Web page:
1
$\begingroup$

I am a physics student just learning about special relativity for the first time, and was wondering what would happen if you emitted two photons of light from the center of a boxcar in opposite directions so that one hits and stops a clock on one wall and the other hits and stops a clock on the opposite wall. It would seem to a person in the inertial reference frame of the boxcar that the clocks should stop at the same time, as the boxcar seems stationary to such a person. However, if the boxcar is indeed moving shouldn't the clocks actually stop at different times, and why couldn't you use this experiment to determine the absolute speed of the boxcar if that is the case? I know that absolute speed can never be determined by an experiment, but I am trying to understand why it cannot be determined by this experiment.)

$\endgroup$
0
$\begingroup$

The apparent paradox is resolved by realizing that if the clocks are synchronized according to an observer at rest with respect to the boxcar's frame of reference, they are not synchronized according to an observer with respect to whom the boxcar is in motion. This is a manifestation of the relativity of simultaneity.

Specifically, if the boxcar is moving to the right with respect to an observer, the clock on the right wall of the boxcar will appear to be delayed compared to the other clock. Since according to this observer the clock on the right takes a longer time to receive the signal, after both clocks stop, observers in both frames will agree on the time displayed on the clocks.

See this related question and the answer for quantitative details on how much the clocks are originally unsynchronized by.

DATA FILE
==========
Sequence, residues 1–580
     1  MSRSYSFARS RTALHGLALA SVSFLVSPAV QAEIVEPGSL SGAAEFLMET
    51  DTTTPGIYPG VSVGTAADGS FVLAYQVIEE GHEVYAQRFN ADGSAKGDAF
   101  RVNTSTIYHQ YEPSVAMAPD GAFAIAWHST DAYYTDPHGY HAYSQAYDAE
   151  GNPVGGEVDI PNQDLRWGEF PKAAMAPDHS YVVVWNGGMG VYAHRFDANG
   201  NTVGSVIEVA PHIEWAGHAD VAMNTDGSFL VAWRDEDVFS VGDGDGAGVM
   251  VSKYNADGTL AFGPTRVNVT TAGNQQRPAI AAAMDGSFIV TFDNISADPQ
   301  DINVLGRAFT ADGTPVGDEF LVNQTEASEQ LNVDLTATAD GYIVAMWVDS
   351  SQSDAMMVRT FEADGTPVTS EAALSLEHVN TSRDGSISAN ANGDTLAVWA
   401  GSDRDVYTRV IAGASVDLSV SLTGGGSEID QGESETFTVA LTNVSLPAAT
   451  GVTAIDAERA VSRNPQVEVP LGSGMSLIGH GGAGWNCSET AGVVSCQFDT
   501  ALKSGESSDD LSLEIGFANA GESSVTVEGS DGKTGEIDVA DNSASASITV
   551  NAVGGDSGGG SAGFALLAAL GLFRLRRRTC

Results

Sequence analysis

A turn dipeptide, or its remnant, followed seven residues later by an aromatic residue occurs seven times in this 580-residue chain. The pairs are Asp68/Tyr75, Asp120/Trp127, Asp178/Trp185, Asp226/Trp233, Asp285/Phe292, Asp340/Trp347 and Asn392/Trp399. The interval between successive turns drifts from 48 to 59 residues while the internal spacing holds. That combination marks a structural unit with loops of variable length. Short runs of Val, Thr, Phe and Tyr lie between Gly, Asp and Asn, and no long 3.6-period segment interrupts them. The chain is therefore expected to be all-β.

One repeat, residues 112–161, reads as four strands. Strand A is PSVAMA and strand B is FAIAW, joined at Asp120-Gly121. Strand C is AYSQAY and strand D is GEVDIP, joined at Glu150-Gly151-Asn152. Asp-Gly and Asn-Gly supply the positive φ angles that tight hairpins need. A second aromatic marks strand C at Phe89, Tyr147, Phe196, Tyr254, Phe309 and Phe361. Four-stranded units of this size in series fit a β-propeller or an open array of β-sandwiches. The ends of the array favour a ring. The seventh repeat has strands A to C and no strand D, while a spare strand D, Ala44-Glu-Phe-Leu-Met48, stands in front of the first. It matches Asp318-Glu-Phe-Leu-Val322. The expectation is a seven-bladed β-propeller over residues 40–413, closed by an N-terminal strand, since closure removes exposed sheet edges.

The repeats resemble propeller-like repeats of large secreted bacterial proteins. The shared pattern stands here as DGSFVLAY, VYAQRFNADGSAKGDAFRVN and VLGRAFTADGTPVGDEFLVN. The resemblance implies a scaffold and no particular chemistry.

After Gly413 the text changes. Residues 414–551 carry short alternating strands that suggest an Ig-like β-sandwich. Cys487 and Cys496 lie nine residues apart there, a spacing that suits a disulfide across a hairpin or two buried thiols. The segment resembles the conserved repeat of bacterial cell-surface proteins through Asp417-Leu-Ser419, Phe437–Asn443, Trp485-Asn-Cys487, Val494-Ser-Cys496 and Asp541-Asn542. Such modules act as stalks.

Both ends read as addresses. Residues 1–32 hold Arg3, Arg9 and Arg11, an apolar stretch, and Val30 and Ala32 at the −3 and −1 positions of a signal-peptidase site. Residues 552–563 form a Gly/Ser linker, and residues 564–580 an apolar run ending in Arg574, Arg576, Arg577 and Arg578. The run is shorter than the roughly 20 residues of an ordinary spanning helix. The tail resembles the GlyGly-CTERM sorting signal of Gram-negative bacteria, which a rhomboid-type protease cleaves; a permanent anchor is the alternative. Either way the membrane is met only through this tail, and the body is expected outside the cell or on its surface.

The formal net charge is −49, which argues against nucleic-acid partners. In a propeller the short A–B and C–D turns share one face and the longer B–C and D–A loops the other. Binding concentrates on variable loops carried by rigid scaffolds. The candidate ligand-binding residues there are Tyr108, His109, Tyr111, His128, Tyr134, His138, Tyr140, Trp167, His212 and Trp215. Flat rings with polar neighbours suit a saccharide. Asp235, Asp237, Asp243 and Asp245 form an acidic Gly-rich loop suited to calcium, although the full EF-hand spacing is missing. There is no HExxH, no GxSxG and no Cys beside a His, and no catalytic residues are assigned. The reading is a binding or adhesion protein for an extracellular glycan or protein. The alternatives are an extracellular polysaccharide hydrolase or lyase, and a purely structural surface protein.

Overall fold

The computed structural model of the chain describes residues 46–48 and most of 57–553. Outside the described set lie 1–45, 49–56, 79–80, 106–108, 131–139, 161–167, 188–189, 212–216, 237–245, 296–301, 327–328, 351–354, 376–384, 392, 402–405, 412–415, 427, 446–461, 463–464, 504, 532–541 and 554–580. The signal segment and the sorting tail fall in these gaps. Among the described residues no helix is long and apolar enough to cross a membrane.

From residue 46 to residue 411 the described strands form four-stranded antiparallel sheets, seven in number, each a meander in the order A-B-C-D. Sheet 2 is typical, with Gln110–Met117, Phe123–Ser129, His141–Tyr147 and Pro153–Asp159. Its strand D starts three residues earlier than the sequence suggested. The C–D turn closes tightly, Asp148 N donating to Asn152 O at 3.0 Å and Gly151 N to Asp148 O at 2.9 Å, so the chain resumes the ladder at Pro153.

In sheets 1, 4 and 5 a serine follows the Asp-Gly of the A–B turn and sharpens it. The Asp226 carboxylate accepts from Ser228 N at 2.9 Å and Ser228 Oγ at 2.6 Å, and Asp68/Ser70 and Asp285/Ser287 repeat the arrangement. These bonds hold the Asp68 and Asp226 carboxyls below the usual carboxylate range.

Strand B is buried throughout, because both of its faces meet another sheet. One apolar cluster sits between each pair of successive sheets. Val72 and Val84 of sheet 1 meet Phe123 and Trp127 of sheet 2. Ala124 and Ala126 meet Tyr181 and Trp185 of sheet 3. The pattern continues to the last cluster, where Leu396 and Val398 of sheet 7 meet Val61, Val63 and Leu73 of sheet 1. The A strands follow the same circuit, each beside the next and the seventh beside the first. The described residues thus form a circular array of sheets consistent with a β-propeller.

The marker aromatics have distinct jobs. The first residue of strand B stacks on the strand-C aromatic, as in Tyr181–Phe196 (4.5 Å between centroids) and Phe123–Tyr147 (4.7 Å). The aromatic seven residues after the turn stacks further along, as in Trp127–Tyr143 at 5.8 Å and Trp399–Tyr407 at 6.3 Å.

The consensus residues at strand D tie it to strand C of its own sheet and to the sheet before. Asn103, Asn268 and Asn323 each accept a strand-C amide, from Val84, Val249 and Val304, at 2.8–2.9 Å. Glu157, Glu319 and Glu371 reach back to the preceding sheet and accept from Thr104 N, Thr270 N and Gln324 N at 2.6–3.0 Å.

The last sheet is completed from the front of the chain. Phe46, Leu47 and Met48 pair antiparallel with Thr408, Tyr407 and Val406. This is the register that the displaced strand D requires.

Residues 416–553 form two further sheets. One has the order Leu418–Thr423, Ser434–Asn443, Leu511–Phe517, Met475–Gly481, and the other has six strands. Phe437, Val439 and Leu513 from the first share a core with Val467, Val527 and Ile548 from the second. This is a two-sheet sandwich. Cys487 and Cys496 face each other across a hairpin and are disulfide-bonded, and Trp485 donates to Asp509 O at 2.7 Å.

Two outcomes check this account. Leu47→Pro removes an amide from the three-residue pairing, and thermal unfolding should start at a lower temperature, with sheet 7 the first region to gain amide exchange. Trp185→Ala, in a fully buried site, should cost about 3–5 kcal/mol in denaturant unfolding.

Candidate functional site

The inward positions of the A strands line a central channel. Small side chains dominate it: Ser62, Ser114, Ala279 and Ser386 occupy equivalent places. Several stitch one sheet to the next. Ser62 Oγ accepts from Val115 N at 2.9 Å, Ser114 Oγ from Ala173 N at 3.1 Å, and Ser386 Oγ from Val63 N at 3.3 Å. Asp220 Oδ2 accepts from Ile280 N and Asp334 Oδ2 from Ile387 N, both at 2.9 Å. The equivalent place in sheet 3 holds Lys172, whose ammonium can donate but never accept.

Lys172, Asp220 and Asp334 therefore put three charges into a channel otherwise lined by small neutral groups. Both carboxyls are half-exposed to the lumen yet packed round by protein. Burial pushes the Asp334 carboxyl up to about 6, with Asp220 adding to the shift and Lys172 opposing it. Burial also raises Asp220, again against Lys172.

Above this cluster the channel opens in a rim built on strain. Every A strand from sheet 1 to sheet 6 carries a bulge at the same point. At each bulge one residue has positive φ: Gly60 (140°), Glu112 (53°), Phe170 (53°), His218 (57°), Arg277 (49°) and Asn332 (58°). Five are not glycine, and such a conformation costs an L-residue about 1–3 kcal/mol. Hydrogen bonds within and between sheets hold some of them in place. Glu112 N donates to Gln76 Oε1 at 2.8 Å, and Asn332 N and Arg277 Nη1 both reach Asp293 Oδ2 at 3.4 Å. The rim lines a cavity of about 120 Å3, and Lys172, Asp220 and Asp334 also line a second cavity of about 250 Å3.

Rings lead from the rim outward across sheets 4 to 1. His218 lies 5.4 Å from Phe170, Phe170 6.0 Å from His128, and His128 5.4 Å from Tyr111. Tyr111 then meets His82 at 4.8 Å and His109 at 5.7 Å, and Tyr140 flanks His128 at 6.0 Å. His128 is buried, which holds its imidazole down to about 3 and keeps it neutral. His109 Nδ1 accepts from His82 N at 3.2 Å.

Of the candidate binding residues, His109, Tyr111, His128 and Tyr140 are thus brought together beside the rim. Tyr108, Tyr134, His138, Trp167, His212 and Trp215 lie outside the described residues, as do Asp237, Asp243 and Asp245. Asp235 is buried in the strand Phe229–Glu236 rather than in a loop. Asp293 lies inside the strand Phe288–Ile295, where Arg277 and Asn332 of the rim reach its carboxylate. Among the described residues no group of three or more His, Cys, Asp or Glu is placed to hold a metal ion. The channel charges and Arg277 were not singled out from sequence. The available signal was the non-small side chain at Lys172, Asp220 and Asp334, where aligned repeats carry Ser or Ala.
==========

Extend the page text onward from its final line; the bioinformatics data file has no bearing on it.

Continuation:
$\endgroup$
0
$\begingroup$

Theory of relativity tells us no. Because no matter your relative speed to other things your relative speed to light is always the same. Assuming that the clocks are in sync from the perspective of the observer in the boxcar, when it starts moving, they will always remain in sync and will stop in sync as light will always reach them at the same time. As confirmed in the Michelson–Morley experiment (https://en.m.wikipedia.org/wiki/Michelson%E2%80%93Morley_experiment?wprov=sfla1). Do have in mind that this wasnt the point of the experiment. It tried to prove the existence of aether and the earth moving through it. In failing to do so it proved that the speed of light is always the same relative to the observer. Edit: As for the answer to your edit. For the laser fired in the direction that you are moving in, it will take more time to reach the clock than the one shot in the back, however the opposite will apply for the light coming back from the clocks (light that shows you that the clocks have stopped) and because of that, to you it will seem as if the clocks have stopped simultanieously. Or that would seem like so if observed from a different reference frame. However if observed from your frame of reference, the light has no "drift" because you arent moving. That is because, for you the time slows down the faster you move if observed from the outside. However for obvious reasons it cant be measured from the inside the boxcar. To put it in other words. The faster you move in a single direction, the less speed difference there will be between you and the photon that you fired forward (observed from the outside), but because your time will slow down, that difference will be multiplied back to precisely the speed of light (observed from the inside).

$\endgroup$

Your Answer

By clicking “Post Your Answer”, you agree to our terms of service, privacy policy and cookie policy

Not the answer you're looking for? Browse other questions tagged or ask your own question.